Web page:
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Sushi Fan Discovers 5-Foot Tapeworm Living Inside His Body

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This article originally appeared and was published on AOL.com

A California man with a love for raw fish went to the emergency room where he told doctors about a gross discovery he made while using the bathroom.

Among the doctors he shared the exciting story with was Dr. Kenny Bahn, an emergency physician at Community Regional Medical Center, who recently told the story of his patient to the producers of “This Won’t Hurt A Bit,” a podcast for curious health consumers.

According to Bahn, the man initially came in complaining about bloody diarrhea, but later told doctors he really wanted to get treated for “worms.”

Image Via Dr. Kenny Bahn

Bahn said he was skeptical at first, like many other ER doctors are of patients self-diagnosing themselves, but that was until the patient handed him proof in a grocery bag.

“I take out a toilet paper roll, and wrapped around it, of course, is what looks like this giant, long tapeworm,” Bahn said on the podcast on Jan. 8.

Bahn said the parasitic warm measured 5.5 feet long when unraveled and laid out on the emergency department floor. “Just my height,” the doctor said.



Image Via Dr. Kenny Bahn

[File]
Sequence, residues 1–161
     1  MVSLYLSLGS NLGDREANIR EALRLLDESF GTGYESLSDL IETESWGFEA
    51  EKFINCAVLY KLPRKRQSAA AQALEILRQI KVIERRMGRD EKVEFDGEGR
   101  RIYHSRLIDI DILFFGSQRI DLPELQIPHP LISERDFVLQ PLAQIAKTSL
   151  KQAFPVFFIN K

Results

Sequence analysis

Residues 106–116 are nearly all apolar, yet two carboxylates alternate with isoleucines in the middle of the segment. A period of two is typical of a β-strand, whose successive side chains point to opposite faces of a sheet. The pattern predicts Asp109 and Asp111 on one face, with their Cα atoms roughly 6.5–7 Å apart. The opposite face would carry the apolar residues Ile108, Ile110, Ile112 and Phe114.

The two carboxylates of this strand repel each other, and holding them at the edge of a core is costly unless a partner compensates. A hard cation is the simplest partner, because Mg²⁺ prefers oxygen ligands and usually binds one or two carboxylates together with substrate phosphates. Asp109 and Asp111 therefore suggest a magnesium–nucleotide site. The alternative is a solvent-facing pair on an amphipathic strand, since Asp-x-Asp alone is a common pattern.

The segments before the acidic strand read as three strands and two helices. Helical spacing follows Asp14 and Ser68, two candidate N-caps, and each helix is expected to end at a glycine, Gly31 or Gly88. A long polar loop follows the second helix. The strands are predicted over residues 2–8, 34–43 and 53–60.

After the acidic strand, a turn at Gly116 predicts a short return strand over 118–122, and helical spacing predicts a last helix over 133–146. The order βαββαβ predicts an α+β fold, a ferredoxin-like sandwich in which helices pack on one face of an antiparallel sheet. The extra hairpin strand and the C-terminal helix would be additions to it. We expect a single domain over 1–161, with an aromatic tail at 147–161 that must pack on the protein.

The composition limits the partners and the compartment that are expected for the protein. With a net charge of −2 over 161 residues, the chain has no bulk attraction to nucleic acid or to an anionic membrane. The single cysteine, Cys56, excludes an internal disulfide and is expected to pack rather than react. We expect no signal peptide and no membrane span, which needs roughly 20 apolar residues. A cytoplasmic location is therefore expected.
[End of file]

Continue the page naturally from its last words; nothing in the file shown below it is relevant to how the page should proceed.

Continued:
The patient told Bahn he discovered the helminth — the general term for a parasitic worm– as it began to wiggle out as he was using the bathroom. Bahn said the patient was initially terrified of the sensation, thinking that his “guts were coming out.’” But as he pulled more on the parasite and felt it moving, he realized it was a tapeworm and was instantly relieved.

The patient was administered a pill for treatment that would expel the rest of the parasite in his body

NOW WATCH: This Shipworm Is Massive!

Bahn said the patient swore that he hadn’t traveled anywhere outside of the country, or did anything out of the normal that he thought could have put him at risk for such an infection. But he did confess he had a love for raw salmon sushi.

“He says, ‘I eat raw salmon almost every day,’ ” Bahn said.

According to the CDC, there has been an outbreak of Japanese tapeworms in Pacific-caught salmon. A mystery, Bahn said, was solved for the patient, who quickly vowed he will never eat salmon again.

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